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Home » Officer Columns » My First Year as a Local Officer

My First Year as a Local Officer


by Rachel Dorfman, Secretary-Treasurer of Local 105 (Spokane, WA)

On August 11, 2015, I became the Secretary-Treasurer of Local 105 (Spokane, WA) after having been a rank-and-file member since 2002. Although I did not have a clear picture of what my new job would entail, I’ve always been grateful for the support and guidance provided by our union, especially when the Spokane Symphony went on strike back in 2012.

This first year has been one of learning and immersion into the behind-the-scenes work of our local. My mentor, Tina Morrison, has been an officer of our local for 17 years, and I have benefited immensely from her experience within the AFM and the broader labor community. 

Rachel Dorfman

“Other than playing Bach on the streets of Portland back when I was fresh out of college, my position as our local’s secretary-treasurer is the most fulfilling job I have ever had,” says Rachel Dorfman of Local 105.

Within the last year, I’ve attended several training events and conferences: the AFM Western Conference, the Leadership Education and Activism Program (put on by the Spokane Regional Labor Council and run by the Washington State Labor Education and Resource Center), the AFM Convention, the Washington State Labor Council Convention, and the Summer Institute on Union Women. I now serve as a delegate to both the Spokane Regional Labor Council and the Washington State Labor Council, and I’ve joined the leadership team that runs the Spokane chapter of Washington Young and Emerging Labor Leaders (WaYELL).

Each experience has introduced me to new strategies for improving our local and helped me to discover our place within the AFM and the larger labor movement. From Seattle’s Fair Trade Music organizing campaign to Young Sounds in Arizona, locals throughout our union are empowering their members in new and innovative ways. I’ve also learned more about the resources available for our members in need: the Lester Petrillo Fund for Disabled Musicians, MusiCares Grammy Foundation, Sweet Relief, the Foundation for Working Families, and the SAG-AFTRA Actors Fund.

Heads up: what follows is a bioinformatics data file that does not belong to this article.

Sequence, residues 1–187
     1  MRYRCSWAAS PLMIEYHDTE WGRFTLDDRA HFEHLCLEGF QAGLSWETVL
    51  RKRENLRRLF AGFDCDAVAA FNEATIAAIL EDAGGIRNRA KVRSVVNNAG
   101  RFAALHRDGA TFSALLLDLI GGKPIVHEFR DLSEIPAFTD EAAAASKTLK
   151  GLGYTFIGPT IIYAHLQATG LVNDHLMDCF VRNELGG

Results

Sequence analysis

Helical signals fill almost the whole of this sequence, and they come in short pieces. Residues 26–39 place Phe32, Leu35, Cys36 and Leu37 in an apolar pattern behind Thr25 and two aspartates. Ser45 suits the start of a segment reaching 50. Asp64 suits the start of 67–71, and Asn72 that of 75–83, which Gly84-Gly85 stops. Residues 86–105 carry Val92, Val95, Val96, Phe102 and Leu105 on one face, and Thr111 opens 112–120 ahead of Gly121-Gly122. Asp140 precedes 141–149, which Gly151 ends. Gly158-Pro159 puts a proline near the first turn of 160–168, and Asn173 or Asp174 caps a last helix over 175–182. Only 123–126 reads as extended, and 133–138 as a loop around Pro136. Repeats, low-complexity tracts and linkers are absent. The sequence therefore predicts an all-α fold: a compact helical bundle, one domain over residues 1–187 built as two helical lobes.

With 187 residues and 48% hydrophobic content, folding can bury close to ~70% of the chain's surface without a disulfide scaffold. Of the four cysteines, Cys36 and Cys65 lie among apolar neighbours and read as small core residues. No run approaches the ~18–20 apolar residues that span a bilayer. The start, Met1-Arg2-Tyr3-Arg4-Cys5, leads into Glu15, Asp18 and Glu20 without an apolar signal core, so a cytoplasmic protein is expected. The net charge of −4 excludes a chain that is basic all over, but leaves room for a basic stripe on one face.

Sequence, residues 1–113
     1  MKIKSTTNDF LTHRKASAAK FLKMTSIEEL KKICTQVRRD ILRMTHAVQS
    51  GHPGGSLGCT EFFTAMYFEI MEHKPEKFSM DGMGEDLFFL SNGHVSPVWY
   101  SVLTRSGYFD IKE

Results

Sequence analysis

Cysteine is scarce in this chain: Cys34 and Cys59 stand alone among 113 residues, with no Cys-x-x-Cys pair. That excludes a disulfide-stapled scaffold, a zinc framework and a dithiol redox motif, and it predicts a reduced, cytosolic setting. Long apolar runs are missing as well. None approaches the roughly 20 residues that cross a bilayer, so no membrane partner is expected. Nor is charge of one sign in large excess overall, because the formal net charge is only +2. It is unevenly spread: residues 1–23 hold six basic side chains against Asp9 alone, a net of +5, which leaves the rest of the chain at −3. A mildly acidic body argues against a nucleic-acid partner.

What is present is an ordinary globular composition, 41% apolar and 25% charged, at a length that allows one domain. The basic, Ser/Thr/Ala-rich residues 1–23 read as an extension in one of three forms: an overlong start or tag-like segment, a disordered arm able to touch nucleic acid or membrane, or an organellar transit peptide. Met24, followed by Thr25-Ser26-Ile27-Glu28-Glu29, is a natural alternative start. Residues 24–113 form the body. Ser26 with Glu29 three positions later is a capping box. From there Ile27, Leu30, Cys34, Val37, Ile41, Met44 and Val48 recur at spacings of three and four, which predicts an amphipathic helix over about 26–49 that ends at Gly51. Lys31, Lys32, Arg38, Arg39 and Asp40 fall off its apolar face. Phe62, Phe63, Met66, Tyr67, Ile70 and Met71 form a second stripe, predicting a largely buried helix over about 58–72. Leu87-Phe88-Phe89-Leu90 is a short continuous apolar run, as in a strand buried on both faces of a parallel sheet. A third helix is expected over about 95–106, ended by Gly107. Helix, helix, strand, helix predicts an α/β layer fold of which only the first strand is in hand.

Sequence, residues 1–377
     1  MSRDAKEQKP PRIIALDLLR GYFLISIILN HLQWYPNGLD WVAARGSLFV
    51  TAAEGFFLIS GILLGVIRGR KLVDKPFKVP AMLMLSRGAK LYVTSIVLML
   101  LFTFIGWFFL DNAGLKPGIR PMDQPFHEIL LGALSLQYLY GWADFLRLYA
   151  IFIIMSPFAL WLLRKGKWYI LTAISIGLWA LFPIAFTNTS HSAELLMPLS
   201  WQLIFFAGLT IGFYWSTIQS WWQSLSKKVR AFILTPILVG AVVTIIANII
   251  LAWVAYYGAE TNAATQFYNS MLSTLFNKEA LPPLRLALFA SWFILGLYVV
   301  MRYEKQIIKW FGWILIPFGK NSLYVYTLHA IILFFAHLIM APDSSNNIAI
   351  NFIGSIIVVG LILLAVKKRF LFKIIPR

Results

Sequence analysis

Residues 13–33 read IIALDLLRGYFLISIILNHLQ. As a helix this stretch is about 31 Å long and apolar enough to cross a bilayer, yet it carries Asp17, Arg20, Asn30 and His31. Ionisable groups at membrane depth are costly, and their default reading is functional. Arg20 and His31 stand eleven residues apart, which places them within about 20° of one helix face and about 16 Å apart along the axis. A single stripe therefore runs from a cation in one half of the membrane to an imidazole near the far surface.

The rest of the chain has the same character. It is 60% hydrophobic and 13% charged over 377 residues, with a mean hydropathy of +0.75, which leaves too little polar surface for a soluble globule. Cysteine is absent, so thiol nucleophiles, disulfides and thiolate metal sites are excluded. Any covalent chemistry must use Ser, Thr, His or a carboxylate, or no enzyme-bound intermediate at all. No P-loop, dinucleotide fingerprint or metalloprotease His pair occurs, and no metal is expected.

Because of this training and education, I have organized our local’s various responsibilities into the following categories: AFM communications, community outreach, member services, organized labor, organizing and negotiations, promotion, and office management.

This year our local has developed a new website, Our Marketing Committee is creating new brochures to promote our local and generate work for our members. Last week, we sent our new AFM Local 105 Teacher List to all of the public school music teachers in our five metropolitan school districts, and to 16 area music shops. We have several organizing campaigns in the works. Our local is talking about doing a benefit concert for one of our local homeless shelters, and we’ve been collaborating with Spokane Arts to organize a downtown summer concert series for 2017.

Other than playing Bach on the streets of Portland back when I was fresh out of college, my position as our local’s secretary-treasurer is the most fulfilling job I have ever had. I actually spent the first six months feeling guilty about enjoying it so much! After all, I’ve been playing the violin since I was a little kid, and I never thought I’d earn a living in any other way. However, if I do this job right, the people that I care about the most will benefit. Our community is more than large enough to support its working musicians, and we will raise the quality of life for our members. As AFM President Ray Hair says, “Musicians standing together have the power.”

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